Drugs & Narcotics: Illegal Consumption in India

This article thoroughly analyses the various laws that govern drug consumption and its policing in India. India has various laws that seek to curtail drug abuse such as the NDPS Act, Drug Control Act, and Drug & Cosmetics Act. However, loopholes in these laws are manifold. The articl discusses these loopholes along with their inability to provide adequate rehabilitation methods.

Wed Jun 29 2022 | National & Social | Comments (0)


Substance addiction is not an area which is new to India with nearly 3 million medication and drug addicts and a total of nearly ten suicides per day due to the repercussions of the said addiction. India is amongst the world’s  foremost drug pin nations with little access to rehabilitation centres for most such individuals. However, with the introduction of the Narcotic Drugs and Psychotropic Substances Act, (NDPS Act) in 1985, India took a step towards the eradicating this fast growing problem, which has been known to consume nations like Mexico and even the United States of America. With the help of this Act and its further amendments as per the needs of the society in 2001 and 2014, India has been very stringent on anti-drug petitions and has been persistent in the imposition of firm punishments for drug trafficking and drug endorsements. Furthermore, recourses for rehabilitation for addicts is also something that has been the focal point under this Act, to ensure the safe and secure life of individuals who may be suffering from this addiction with a promise of a better standard of life in the future.

Under Section 2(1){a} of the  Drugs (Control) Act, 1950, the definition of a drug dealer has been provided as given below:-

Dealer  means a person carrying on, either personally or through any other person, the business of selling any drugs, whether wholesale or retail.  

The NDPS Act, 1985 and Punishments

The NDPS Act, however, does not hold back on its vigilance and punishments related to illegal trafficking and distribution of drugs through denial and criminalization of the production, cultivation, possession, sale, use, purchase, import, export and the consumption of narcotic drugs and psychotropic substances. However, the only time the Act provides any leniency is when the drugs are to be used for any medical purposes or for scientific research, which is duly approved by the requisite authorities beforehand.

The NDPS Act further appeared to conceive strict punishments for drug trafficking, to expand implementation  powers and to implement international conventions, which India is associated with and also to direct psychotropic substances and regulate their usage. This is a predominantly reformatory statute since it primarily furnishes the regulation of drugs. This statute also provides for capital punishment, which can be granted as a form of punishment under the Act directly. The amendment of 2014 further held that the decision to grant capital punishment lies at the discretion of the court and it instead stipulates 30 years of detainment as a substitute for capital punishment.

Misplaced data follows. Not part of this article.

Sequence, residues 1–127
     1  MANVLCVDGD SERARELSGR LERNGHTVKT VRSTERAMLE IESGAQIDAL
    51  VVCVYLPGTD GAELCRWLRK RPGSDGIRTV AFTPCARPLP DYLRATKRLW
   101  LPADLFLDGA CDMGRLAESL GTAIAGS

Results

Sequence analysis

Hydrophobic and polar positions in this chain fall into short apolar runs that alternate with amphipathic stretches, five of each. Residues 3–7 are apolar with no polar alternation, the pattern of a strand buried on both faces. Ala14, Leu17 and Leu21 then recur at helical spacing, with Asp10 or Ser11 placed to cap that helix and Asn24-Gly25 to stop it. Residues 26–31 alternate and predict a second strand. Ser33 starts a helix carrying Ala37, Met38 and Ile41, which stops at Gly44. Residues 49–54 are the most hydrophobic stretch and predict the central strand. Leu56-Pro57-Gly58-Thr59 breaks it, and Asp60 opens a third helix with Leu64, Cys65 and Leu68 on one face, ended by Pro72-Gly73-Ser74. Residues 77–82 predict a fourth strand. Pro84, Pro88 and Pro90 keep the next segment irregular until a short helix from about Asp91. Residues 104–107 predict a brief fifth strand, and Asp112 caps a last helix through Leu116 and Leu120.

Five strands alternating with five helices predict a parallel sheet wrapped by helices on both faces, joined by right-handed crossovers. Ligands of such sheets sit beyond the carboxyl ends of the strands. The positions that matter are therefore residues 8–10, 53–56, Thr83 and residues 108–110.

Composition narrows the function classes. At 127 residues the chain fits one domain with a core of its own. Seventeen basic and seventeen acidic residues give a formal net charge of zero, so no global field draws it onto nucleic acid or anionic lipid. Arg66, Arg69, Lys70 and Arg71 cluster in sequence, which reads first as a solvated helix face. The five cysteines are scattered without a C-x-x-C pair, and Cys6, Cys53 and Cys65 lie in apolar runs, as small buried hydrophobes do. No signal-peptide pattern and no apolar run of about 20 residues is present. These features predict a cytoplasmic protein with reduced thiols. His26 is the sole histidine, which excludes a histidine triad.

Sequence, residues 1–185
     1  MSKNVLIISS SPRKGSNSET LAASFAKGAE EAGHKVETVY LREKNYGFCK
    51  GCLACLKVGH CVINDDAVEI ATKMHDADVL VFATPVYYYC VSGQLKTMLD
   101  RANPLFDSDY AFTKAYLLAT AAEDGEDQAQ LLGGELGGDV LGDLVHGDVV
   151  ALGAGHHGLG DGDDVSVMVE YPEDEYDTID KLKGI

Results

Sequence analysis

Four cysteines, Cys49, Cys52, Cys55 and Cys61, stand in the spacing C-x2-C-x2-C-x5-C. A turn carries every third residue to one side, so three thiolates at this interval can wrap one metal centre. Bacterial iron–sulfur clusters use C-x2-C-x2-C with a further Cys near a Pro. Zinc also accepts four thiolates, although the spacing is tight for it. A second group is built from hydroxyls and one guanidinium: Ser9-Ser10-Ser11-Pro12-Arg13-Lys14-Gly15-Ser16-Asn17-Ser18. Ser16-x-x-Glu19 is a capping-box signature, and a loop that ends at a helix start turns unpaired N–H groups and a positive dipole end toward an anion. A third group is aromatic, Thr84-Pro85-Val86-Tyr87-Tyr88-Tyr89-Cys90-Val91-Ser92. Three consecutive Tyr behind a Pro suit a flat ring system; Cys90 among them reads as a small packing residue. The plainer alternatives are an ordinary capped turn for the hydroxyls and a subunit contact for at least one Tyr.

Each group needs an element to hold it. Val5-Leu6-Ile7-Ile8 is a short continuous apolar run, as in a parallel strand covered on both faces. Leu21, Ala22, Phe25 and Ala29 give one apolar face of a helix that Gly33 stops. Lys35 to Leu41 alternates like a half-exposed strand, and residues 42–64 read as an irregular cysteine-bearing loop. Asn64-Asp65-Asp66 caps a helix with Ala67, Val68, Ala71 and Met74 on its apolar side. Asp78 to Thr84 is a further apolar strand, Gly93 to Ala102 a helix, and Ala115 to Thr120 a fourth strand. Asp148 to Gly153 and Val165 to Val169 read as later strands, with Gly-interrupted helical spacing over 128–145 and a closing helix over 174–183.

With a specific end goal to supplement the NDPS Act, the Prevention of Illicit Trafficking in Narcotic Drugs and Psychotropic Substances Act came into existence in 1988. It contains provisions relating to the preventive detention of any and each person who is associated with or accused of drug trafficking.

Drug Law Enforcement Agencies In India

Following are the primary drug enforcement agencies in India:

  • The Narcotics Control Division
  • The Central Bureau of Narcotics (CBN)
  • The Narcotic Control Bureau (NCB )
  • Other Agencies like the Directorate of Revenue Intelligence, Central Bureau of Investigation, Customs Commission, Border Security Force.

Legislative Policies In India In Drug Related Matters

The legislative policies over drug related matters are broad and many and are thus, covered within the following three Central Acts:

  • The Narcotic Drugs and Psychotropic Substances Act, 1985.
  • Prevention of Illicit Traffic in Narcotic Drugs and Psychotropic Substances Act, 1988.
  • Drugs and Cosmetics Act, 1940.

Narcotic Drugs And Psychotropic Substances Act, 1985

India is a member of the three United Nations drug convention which is, The 1971 Convention on Psychotropic Substances (1971 Convention), The 1961 Single Convention on Narcotic Drugs (1961 Convention), and The 1988 Convention against Illicit Traffic in Narcotic Drugs and Psychotropic Substances (1988 Convention).

Thus, officially it can be said that the NDPS Act had been instituted with a specific purpose, which was to provide for adequate penalties for more stringent powers and a strengthened enforcement system for drug trafficking along with the ability to execute international conventions, to which India is a member while also developing much needed control over psychotropic substances and their illicit uses. Till date, there have been three amendments to this Act i.e. in 1989, 2001 and currently, in 2014, all made with the purpose of handling the issue of drug trafficking in a more effective and vigilant manner.

This Act mandatorily prohibits the production, cultivation, sale, possession, trade, purchase, use, consumption and import or export of psychotropic substances as well as narcotic drugs except for those which are used for scientific or medicinal purposes, as given under the law.